occlusion extension . . . . . . . . . . . . . . . . . . . . . . . . . . . . . . . . . . . . . . . . . . . . . . . . . . . . 18
occlusion culling code fragments . . . . . . . . . . . . . . . . . . . . . . . . . . . . . . . . . . . . . . . 18
GL_HP_supersample extension . . . . . . . . . . . . . . . . . . . . . . . . . . . . . . . . . . . . . . . . . 20
rendering details . . . . . . . . . . . . . . . . . . . . . . . . . . . . . . . . . . . . . . . . . . . . . . . . . . . . . . . 21
default visuals . . . . . . . . . . . . . . . . . . . . . . . . . . . . . . . . . . . . . . . . . . . . . . . . . . . . . . . . 21
EXP and EXP2 fogging . . . . . . . . . . . . . . . . . . . . . . . . . . . . . . . . . . . . . . . . . . . . . . . . . 21
bow-tie quadrilaterals. . . . . . . . . . . . . . . . . . . . . . . . . . . . . . . . . . . . . . . . . . . . . . . . . . 21
decomposition of concave quadrilaterals . . . . . . . . . . . . . . . . . . . . . . . . . . . . . . . . . . . 21
vertices outside of a begin/end pair . . . . . . . . . . . . . . . . . . . . . . . . . . . . . . . . . . . . . . . 22
index mode dithering . . . . . . . . . . . . . . . . . . . . . . . . . . . . . . . . . . . . . . . . . . . . . . . . . . 22
environment variables . . . . . . . . . . . . . . . . . . . . . . . . . . . . . . . . . . . . . . . . . . . . . . . . . . . 23
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Contents
new environment variables as of release 1.05. . . . . . . . . . . . . . . . . . . . . . . . . . . . . . . 24
2. installation and setup
verification instructions. . . . . . . . . . . . . . . . . . . . . . . . . . . . . . . . . . . . . . . . . . . . . . . . . .
is your system software preloaded with instant ignition? . . . . . . . . . . . . . . . . . . . . .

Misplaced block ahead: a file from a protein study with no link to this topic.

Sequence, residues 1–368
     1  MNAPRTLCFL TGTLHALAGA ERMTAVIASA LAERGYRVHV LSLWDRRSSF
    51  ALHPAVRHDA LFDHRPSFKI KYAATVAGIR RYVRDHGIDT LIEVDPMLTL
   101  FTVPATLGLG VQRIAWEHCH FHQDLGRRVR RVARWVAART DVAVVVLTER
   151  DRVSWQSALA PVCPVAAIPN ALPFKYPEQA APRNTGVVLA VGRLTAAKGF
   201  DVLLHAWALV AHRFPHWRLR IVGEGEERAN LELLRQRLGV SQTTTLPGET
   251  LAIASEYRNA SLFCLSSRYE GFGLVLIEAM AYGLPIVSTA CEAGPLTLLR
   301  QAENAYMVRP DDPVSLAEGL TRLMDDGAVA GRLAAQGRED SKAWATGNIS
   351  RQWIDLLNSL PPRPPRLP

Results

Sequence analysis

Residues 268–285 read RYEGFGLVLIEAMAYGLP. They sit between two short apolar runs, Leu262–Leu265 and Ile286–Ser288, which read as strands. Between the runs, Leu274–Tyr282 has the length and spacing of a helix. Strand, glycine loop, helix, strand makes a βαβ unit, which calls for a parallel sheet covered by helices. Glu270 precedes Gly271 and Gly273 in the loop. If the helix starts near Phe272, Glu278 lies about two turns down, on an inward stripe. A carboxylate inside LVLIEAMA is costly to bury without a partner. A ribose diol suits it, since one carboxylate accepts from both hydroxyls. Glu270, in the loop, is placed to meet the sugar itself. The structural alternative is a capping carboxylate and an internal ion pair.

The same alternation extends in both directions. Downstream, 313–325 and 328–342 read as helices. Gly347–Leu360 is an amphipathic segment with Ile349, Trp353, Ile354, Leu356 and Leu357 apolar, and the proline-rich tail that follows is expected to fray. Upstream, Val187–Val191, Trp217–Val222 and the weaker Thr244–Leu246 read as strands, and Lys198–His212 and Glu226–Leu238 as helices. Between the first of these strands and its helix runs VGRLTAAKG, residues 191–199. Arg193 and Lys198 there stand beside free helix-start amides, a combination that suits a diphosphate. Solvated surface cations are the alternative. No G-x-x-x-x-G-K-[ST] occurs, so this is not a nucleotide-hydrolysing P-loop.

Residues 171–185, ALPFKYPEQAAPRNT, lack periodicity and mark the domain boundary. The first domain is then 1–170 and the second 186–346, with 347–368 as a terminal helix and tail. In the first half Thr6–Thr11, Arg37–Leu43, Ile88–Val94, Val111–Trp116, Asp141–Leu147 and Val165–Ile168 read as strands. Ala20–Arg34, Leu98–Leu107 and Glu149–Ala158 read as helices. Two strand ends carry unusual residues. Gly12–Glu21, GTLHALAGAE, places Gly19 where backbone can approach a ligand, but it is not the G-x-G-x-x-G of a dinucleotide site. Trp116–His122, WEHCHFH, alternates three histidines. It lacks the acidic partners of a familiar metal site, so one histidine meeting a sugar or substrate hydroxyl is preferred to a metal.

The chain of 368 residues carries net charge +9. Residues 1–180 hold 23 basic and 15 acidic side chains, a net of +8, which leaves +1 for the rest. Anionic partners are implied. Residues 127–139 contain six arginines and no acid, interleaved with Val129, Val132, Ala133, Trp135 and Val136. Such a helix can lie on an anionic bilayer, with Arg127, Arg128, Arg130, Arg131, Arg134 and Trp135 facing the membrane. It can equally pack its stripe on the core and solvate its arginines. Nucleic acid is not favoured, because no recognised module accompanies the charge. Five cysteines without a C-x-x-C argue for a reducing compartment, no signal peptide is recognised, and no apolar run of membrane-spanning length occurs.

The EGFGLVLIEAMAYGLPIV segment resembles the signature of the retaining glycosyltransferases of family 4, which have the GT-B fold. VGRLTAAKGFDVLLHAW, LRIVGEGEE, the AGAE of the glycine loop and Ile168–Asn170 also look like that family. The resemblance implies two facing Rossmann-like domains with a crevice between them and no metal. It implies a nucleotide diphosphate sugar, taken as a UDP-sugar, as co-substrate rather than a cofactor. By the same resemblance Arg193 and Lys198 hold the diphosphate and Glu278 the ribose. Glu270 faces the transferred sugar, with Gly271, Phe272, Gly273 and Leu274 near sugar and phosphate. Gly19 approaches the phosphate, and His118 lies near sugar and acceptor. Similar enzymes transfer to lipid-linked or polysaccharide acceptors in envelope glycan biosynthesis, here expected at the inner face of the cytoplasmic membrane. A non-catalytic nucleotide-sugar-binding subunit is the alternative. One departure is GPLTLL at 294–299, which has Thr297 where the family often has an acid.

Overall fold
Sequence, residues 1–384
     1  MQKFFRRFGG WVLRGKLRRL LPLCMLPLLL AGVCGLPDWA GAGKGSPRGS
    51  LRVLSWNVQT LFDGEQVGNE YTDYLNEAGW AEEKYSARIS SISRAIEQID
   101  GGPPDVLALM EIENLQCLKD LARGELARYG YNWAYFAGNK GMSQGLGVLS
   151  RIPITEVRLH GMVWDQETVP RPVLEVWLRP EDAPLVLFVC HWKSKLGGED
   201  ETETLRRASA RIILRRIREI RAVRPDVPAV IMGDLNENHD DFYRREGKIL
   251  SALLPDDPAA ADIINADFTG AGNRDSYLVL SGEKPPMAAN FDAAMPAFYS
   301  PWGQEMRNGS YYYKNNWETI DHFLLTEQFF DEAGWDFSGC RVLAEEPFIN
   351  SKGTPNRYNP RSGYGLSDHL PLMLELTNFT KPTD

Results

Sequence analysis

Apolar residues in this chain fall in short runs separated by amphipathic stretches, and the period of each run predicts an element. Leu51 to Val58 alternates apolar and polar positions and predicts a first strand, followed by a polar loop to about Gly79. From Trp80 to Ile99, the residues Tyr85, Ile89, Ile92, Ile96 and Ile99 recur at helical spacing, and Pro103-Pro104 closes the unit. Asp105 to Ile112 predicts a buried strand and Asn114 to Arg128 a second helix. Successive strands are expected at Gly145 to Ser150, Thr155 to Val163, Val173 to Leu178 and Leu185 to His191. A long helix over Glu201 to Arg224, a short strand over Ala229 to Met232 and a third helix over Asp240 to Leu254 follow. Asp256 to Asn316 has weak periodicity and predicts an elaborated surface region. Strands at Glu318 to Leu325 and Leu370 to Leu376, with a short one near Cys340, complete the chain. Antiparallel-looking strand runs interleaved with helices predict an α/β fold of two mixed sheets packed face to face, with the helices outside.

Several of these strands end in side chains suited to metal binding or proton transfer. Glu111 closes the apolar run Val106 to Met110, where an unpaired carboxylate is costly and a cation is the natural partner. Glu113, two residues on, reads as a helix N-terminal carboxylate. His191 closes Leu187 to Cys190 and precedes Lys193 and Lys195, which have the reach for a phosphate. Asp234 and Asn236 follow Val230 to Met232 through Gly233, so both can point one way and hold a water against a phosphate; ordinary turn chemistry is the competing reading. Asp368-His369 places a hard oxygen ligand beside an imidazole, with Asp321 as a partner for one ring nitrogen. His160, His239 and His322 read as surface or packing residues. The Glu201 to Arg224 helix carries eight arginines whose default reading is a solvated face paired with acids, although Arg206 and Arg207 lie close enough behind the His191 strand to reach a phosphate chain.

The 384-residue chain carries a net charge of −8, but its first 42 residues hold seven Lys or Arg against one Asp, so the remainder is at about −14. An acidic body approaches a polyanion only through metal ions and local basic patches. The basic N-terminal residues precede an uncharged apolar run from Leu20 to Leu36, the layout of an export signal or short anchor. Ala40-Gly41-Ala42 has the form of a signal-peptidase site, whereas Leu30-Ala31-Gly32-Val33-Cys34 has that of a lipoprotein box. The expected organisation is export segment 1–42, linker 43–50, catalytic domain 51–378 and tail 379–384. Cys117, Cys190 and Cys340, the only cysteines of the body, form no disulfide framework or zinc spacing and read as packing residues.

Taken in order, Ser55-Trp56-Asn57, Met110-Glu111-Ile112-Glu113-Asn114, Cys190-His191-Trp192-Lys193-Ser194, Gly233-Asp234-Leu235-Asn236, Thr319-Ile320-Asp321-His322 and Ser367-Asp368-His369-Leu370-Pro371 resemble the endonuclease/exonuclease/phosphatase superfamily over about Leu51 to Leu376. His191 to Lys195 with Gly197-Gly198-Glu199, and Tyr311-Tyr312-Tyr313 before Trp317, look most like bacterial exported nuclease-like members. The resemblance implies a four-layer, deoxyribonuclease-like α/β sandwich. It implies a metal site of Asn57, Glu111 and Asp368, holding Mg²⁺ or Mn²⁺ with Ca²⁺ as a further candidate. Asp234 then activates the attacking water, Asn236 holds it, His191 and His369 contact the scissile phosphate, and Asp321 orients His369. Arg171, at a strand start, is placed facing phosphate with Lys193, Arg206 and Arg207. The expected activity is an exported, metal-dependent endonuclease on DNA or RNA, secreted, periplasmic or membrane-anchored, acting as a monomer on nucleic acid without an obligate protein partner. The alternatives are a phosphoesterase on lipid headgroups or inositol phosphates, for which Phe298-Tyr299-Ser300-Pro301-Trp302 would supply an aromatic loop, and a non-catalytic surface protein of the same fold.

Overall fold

verify that OpenGL is on your workstation. . . . . . . . . . . . . . . . . . . . . . . . . . . . . . . . .
installing OpenGL . . . . . . . . . . . . . . . . . . . . . . . . . . . . . . . . . . . . . . . . . . . . . . . . . . . . . .
1. install OpenGL . . . . . . . . . . . . . . . . . . . . . . . . . . . . . . . . . . . . . . . . . . . . . . . . . . . . .
2. check log file . . . . . . . . . . . . . . . . . . . . . . . . . . . . . . . . . . . . . . . . . . . . . . . . . . . . . . .
3. verify the product . . . . . . . . . . . . . . . . . . . . . . . . . . . . . . . . . . . . . . . . . . . . . . . . . . .
the OpenGL file structure . . . . . . . . . . . . . . . . . . . . . . . . . . . . . . . . . . . . . . . . . . . . . . . .
29
29
29
30
30
32
33
34
3. running OpenGL programs
virtual GLX (VGL) mode . . . . . . . . . . . . . . . . . . . . . . . . . . . . . . . . . . . . . . . . . . . . . . . . .
visual support for the VGL mode . . . . . . . . . . . . . . . . . . . . . . . . . . . . . . . . . . . . . . . . .
special considerations . . . . . . . . . . . . . . . . . . . . . . . . . . . . . . . . . . . . . . . . . . . . . . . . . .
running hp's implementation of the OpenGL stereo application . . . . . . . . . . . . . . . . .
38
38
38
40
4. compiling and linking programs
overview . . . . . . . . . . . . . . . . . . . . . . . . . . . . . . . . . . . . . . . . . . . . . . . . . . . . . . . . . . . . . .
including header files. . . . . . . . . . . . . . . . . . . . . . . . . . . . . . . . . . . . . . . . . . . . . . . . . . . .